Backgammon is the oldest known board game. Evidence of its origins, over 5,000 years old, come from ancient Persia. The Romans picked it up and forbade the lower ranks to play, as it tended to bankrupt many. It is said that Nero wagered over $10,000 a game. Archaeologists have found dice made of human bone. Fresco paintings show the board game being played by Romans. The game is a favorite in many Mediterranean countries to this day.
I was intrigued during my childhood, watching men play ‘tavla’ in the Turkish coffee shops. The affable climate of camaraderie shone through as a happy pair of dice scattered across a smooth parquet of wood species arranged in triangular strips. Coffee and tea, and copious smoke emanated from these happy places. The Arabic is ‘Tawlah,’ in Iran, it is ‘Takhteh.’ There are over 64 variants in the play. The idea of a board game of this type originates in the Roman idea of tables or tabula, as in this Roman fresco below:
The same tingling in grabbing the one-armed bandit occurs in the roll of two undersized die making a loud clatter on a wooden board. I prefer pinball to any sophisticated video game. Like the pachinko machine, the sound of the clinking ball, the change dropping in the gutter, are mesmerizing and the psychology of winning and the motivation to continue while losing, even in a rigged system, is the same. A ‘reward’ meted completely by random moves, is an addictive system.
Unlike chess, backgammon (above, a Damascan design) is played with dice. You can say that chess is total strategy. One is in total control of their actions. I am not sure of that because your opponent can make unexpected moves and strategy constantly changes. But when dice are introduced in any board game, it becomes clear after a while that there is an indeterminate aspect that sullies the play. Two equally competent players have the same chance of winning as a toss of a coin. That is disconcerting. In life, things can happen outside of our well-kept plans. There is a biblical verse addressing the ‘making of plans,’ as plans that are made without a connection to God are useless.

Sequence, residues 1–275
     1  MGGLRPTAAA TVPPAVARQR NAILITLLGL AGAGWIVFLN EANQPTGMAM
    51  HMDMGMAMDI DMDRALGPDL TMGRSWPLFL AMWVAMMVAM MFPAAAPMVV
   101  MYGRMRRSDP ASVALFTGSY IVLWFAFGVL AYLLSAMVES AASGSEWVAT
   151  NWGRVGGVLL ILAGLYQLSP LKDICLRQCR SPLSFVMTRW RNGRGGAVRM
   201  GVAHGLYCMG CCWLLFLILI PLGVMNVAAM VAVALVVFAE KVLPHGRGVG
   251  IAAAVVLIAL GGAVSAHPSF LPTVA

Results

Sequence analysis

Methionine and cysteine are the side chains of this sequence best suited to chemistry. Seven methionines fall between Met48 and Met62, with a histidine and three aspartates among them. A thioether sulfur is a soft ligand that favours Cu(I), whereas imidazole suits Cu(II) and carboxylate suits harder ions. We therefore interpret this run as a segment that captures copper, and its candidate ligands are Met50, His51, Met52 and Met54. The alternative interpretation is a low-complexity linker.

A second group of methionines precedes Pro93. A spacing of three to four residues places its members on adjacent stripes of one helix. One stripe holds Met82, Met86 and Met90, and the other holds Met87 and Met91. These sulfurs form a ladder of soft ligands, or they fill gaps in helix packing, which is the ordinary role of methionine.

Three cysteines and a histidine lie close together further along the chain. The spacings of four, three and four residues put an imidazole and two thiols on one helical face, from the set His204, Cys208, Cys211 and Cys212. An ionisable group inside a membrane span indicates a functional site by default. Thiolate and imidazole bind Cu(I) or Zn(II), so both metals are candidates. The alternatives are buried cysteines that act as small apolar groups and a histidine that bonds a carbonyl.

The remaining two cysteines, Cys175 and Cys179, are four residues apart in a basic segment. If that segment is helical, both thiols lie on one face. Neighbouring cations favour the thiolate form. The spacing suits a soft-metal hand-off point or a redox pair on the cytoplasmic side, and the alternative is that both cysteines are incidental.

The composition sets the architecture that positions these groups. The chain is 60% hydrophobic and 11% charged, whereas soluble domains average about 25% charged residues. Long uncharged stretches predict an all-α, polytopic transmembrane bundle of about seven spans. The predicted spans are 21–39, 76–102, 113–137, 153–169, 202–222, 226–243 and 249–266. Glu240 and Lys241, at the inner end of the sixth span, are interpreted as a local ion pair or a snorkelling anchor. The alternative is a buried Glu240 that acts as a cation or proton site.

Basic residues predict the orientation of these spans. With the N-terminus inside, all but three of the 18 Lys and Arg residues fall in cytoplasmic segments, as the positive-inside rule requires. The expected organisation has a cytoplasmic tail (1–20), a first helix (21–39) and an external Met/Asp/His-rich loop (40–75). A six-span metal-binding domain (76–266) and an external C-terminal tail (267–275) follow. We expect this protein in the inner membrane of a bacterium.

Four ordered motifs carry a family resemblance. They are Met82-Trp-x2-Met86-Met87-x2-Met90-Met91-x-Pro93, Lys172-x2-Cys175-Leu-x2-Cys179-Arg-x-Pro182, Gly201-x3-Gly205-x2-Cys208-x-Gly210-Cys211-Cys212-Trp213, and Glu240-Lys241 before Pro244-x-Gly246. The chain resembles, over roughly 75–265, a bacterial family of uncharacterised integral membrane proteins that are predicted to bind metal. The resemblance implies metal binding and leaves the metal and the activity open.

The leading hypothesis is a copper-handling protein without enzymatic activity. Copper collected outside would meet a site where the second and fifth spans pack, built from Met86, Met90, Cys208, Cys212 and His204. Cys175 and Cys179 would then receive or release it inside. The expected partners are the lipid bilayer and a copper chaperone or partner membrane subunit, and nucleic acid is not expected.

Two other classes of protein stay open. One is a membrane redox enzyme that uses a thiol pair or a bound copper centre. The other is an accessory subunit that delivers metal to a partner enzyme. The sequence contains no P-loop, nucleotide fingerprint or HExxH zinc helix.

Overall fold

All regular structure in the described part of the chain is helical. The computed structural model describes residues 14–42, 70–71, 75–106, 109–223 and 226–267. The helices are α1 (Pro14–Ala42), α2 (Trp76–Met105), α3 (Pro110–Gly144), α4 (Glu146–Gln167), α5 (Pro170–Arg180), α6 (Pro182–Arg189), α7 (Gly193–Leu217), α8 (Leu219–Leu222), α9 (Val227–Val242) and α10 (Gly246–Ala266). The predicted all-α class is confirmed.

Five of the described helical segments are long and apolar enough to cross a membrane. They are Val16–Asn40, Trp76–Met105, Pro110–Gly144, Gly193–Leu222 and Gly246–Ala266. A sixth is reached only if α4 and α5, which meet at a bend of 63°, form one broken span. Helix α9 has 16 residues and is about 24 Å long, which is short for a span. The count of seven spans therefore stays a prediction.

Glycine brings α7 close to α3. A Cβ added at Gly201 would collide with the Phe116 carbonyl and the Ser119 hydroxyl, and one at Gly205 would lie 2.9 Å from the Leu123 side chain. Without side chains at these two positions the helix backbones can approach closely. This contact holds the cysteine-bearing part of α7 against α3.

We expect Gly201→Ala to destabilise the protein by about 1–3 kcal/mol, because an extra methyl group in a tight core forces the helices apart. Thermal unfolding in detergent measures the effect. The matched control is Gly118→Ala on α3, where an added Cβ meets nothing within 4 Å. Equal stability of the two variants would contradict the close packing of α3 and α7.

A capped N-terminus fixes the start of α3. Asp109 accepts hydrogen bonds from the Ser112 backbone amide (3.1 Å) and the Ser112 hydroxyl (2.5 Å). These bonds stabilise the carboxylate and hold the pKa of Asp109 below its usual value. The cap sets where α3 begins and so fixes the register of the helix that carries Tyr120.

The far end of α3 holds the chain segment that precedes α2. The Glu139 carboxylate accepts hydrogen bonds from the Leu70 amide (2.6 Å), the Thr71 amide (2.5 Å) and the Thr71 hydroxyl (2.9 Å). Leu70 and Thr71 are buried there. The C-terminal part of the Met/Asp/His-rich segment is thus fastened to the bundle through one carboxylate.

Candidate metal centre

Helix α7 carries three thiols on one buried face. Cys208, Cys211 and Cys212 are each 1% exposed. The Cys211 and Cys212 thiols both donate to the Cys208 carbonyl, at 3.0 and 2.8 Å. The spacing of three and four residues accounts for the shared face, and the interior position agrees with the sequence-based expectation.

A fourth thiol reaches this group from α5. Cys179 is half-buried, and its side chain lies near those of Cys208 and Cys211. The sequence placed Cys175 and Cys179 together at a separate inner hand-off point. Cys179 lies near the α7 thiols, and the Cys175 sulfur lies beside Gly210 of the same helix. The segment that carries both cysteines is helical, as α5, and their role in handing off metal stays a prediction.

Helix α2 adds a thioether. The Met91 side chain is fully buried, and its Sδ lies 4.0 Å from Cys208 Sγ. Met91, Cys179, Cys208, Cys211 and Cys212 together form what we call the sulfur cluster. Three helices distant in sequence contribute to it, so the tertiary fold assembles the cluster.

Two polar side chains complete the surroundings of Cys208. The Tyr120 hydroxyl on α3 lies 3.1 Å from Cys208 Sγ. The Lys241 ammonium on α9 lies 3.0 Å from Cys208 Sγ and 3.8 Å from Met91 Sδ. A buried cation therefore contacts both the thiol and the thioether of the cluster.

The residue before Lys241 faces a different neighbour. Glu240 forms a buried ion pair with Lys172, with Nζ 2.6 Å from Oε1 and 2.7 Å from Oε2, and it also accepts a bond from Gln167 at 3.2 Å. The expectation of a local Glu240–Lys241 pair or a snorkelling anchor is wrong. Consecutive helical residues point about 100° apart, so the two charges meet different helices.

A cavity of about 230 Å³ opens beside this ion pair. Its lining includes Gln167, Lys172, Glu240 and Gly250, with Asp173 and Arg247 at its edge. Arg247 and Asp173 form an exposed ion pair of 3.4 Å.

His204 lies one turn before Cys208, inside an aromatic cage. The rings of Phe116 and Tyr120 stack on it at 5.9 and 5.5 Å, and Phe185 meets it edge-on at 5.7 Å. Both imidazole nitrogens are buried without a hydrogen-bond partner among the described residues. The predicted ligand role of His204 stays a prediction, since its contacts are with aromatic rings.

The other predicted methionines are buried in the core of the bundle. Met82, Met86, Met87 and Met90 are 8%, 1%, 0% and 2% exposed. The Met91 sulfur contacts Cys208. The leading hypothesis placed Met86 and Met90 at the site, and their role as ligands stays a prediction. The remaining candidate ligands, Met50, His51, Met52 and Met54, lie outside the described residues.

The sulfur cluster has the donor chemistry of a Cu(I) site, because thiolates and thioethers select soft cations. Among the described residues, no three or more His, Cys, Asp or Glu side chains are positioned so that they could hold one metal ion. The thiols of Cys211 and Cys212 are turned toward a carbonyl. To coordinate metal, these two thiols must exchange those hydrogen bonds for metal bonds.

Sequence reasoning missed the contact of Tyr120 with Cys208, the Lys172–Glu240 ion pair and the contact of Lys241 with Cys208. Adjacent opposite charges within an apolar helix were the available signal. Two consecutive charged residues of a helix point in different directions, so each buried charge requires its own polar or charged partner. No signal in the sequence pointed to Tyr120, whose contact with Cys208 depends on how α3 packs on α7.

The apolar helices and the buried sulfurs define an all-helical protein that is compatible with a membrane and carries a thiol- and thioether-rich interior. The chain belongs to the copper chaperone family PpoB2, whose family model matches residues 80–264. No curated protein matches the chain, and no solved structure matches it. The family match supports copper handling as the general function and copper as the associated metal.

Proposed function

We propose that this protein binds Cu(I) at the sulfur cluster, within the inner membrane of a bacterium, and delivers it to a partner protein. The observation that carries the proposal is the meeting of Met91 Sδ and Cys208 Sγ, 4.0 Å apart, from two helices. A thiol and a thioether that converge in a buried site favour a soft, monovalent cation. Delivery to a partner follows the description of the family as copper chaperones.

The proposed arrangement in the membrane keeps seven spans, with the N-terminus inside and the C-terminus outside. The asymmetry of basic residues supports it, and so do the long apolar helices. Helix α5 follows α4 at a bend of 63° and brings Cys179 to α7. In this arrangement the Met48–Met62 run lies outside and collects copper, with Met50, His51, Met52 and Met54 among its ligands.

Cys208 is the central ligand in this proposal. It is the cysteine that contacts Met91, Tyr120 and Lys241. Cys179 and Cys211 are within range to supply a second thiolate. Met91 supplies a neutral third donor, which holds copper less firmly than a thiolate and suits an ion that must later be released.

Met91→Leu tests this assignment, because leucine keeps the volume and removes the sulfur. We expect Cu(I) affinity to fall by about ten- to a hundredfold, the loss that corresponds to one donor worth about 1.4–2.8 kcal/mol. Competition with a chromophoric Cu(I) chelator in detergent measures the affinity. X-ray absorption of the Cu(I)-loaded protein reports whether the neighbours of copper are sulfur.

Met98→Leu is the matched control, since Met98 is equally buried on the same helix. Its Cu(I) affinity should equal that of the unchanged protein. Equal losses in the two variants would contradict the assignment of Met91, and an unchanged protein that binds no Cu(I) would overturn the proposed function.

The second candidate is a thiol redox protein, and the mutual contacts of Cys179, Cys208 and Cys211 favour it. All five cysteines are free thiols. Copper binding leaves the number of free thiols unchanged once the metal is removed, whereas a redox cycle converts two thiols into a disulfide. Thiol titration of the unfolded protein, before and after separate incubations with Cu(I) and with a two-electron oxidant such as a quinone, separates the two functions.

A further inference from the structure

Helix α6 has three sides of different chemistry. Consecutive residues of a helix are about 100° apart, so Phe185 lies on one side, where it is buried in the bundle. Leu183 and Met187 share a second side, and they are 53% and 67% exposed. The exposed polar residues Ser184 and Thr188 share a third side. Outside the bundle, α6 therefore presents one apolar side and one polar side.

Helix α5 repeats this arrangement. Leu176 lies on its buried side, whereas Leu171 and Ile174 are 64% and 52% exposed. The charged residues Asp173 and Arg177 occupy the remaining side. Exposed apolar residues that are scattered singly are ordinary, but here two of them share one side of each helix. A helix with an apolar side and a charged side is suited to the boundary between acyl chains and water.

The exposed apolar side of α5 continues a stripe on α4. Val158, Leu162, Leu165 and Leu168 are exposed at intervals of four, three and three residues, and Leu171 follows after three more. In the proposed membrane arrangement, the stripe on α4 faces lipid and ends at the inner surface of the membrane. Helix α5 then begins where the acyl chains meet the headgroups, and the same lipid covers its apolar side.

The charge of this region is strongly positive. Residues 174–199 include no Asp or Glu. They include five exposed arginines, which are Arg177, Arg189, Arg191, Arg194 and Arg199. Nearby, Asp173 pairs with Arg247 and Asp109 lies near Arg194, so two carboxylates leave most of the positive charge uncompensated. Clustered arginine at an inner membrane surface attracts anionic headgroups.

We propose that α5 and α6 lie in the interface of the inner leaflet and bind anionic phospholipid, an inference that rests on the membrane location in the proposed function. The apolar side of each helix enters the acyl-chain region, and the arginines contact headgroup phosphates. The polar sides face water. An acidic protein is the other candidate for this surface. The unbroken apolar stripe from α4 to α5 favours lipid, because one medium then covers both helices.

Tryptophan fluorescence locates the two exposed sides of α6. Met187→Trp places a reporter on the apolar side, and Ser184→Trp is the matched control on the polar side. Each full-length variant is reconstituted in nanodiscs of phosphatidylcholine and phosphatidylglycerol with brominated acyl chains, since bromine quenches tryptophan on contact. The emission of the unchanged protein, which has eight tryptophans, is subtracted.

After playing about 100 games, I feel that life is too close to backgammon rather than chess. There are salient moves, opening plays that can be protective, or the throw of the dice may leave you vulnerable. It is too open to chance whether you will win or lose in the end. Your action is a random toss, and the response is the same. Two much depends on the pure luck of the draw. I first thought that the game was 50% chance and 50% strategy. The argument with my opponent is that it is 70/30. He does not agree. I played some more and have completely lost interest. It is a waste of time to go through the motions doing something that has such a high rate of uncontrollable risk.
But I retain a lifelong friend!
John Henry is based in Orlando, Florida. He holds a Bachelor of Environmental Design and Master of Architecture from Texas A&M University. He spent his early childhood through high school in Greece and Turkey, traveling in Europe—impressed by the ruins of Greek and Roman cities and temples, old irregular Medieval streets, and classical urban palaces and country villas. His Modernist formal education was a basis for functional, technically proficient, yet beautiful buildings. His website is Commercial Web Residential Web.